Over the years, my blog has evolved into a handful of regular features. Mainly recommendations, significant new experiences, and lots and lots of the Ride Log. This season has been what sports fans would call a rebuilding year. I’ve spent far more time procuring and working on bikes than actually riding them. It’s been fun. It’s been unexpected. It’s been frustrating. I’ve written about some of these mechanical adventures, but I think it makes sense to spin these stories off into their own series. Thus is born the Wrench Log.

But first, some critical background. For those who aren’t aware, this isn’t the only place I write online. I write MINI news and commentary over at Motoringfile.com, and I write the blog for a local motorcycle repair shop, BlueCat Motors. In return for the writing and photography I do for them, the fine chaps at BCM reward me with the gift of their time and facilities. More specifically, they’re affording me opportunity and mentorship in fixing old motorcycles and scooters. They’ve also opened up their shop as a place to work from time to time. So since January, I’ve been helping to rehab my own machines with their intrepid help. I’ve learned a lot from Jeff, Ryan, Mutt, Rob and Rumpal and every time I go over there, I get that much more capable. I saw this blogging opportunity as three fold. First, it’d be a lot of good writing practice and a lot of fun to chronicle their exploits. Second, it would save me a lot of money keeping my own machines operational. And thirdly, it opened up a world of opportunity where I could find older, neglected motorcycles on places like eBay or Craigslist and, on my own, do most of the work it would take to rehab them. This would first help me expand my own riding fleet, but in the long run, I’d like to make a little money at it.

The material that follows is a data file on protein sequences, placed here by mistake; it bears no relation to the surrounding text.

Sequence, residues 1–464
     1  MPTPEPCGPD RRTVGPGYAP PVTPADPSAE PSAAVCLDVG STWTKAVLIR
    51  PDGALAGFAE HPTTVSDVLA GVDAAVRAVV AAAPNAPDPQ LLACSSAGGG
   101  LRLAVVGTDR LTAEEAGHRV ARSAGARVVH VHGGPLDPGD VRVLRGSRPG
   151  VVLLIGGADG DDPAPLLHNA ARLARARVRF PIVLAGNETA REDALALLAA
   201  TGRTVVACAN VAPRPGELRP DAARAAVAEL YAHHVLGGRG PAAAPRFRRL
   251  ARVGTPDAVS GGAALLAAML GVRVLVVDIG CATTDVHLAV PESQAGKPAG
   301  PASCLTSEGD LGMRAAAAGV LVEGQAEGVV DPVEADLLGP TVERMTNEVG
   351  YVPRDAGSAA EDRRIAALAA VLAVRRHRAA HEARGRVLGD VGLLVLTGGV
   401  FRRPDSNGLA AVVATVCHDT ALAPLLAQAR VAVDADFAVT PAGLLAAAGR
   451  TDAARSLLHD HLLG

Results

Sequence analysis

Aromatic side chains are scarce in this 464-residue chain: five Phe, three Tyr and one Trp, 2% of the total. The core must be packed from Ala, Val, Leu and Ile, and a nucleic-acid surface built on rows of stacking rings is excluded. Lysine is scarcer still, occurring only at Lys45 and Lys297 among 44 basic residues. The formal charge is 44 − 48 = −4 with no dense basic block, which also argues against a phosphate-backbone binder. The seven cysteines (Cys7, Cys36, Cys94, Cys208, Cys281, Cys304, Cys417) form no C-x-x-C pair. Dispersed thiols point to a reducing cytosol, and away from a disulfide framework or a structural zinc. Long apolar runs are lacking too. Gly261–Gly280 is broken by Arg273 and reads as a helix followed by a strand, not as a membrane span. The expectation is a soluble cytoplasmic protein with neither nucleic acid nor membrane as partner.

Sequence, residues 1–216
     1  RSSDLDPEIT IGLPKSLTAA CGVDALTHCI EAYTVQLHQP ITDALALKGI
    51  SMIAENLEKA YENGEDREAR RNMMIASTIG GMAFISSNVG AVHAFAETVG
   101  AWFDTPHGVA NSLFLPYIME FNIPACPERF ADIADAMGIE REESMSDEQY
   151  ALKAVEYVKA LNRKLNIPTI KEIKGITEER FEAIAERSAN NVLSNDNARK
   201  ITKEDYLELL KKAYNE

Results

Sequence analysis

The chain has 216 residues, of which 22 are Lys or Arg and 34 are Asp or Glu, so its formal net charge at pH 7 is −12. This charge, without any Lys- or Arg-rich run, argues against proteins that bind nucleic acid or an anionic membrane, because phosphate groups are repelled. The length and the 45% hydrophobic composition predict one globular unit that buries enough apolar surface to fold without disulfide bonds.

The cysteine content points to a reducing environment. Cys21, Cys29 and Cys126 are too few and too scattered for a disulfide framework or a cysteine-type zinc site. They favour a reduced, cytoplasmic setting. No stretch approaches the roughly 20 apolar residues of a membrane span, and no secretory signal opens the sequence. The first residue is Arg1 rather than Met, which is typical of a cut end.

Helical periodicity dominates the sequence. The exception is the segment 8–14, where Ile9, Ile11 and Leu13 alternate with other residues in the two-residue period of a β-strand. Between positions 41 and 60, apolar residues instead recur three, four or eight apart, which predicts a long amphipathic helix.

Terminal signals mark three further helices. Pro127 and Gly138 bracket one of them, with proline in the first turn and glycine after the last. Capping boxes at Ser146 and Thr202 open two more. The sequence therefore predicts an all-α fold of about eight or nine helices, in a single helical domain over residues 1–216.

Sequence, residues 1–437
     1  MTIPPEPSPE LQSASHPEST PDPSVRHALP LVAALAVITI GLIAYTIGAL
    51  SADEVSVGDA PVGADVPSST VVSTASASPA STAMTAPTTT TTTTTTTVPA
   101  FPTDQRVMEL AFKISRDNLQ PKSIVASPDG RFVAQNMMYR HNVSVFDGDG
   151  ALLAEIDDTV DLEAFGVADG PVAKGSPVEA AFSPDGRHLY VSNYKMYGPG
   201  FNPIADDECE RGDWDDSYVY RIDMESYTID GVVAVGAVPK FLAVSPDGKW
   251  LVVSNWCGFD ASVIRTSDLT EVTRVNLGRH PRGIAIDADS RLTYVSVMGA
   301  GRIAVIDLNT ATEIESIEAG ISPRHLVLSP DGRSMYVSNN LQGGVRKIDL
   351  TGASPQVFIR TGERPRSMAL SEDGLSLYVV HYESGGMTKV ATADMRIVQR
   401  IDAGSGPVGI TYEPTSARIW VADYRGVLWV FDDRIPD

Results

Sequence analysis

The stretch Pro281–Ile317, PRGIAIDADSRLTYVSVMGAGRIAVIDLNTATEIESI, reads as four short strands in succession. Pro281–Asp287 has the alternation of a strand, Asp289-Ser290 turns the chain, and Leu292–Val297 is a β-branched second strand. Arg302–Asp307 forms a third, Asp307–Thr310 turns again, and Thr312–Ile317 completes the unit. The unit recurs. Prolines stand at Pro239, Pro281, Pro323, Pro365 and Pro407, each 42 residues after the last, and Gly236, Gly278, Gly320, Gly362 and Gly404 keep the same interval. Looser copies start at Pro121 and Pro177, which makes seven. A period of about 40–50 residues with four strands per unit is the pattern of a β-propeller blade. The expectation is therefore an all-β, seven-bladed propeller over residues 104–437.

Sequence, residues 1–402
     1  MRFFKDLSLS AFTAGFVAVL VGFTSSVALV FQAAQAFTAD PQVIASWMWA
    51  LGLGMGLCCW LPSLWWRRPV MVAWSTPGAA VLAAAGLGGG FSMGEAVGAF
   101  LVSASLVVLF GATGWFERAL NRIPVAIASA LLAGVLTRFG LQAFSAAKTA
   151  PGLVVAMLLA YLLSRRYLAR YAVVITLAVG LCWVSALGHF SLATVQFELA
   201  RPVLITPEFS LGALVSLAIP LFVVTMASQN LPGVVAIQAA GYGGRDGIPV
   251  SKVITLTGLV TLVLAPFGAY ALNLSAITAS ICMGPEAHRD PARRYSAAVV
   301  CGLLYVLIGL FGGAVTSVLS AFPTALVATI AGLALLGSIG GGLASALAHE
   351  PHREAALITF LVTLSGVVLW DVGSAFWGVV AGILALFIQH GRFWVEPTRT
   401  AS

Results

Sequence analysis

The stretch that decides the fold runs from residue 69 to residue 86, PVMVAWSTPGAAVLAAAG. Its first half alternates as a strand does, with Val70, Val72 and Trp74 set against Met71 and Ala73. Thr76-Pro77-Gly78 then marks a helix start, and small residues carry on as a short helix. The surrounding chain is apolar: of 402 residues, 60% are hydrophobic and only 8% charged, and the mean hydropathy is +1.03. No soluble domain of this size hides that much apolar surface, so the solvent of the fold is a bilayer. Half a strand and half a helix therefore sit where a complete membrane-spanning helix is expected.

It’s the latter two opportunities — the fixing of old machines, both for my own enjoyment and for side industry — that this series will focus on. I’m learning the art, craft and zen of motorcycle maintenance. Riding bikes has already changed my life in a really profound way, Working on them has taught me even more. The two practices — riding and wrenching — inform each other intensely. That’s what this series is going to be about. And for my non-moto readers, do please bear with me. I’m also expanding my recommendations posts, and as always, I’ll keep writing about things that really matter to me, regardless of subject. Stay tuned.

Nathaniel Salzman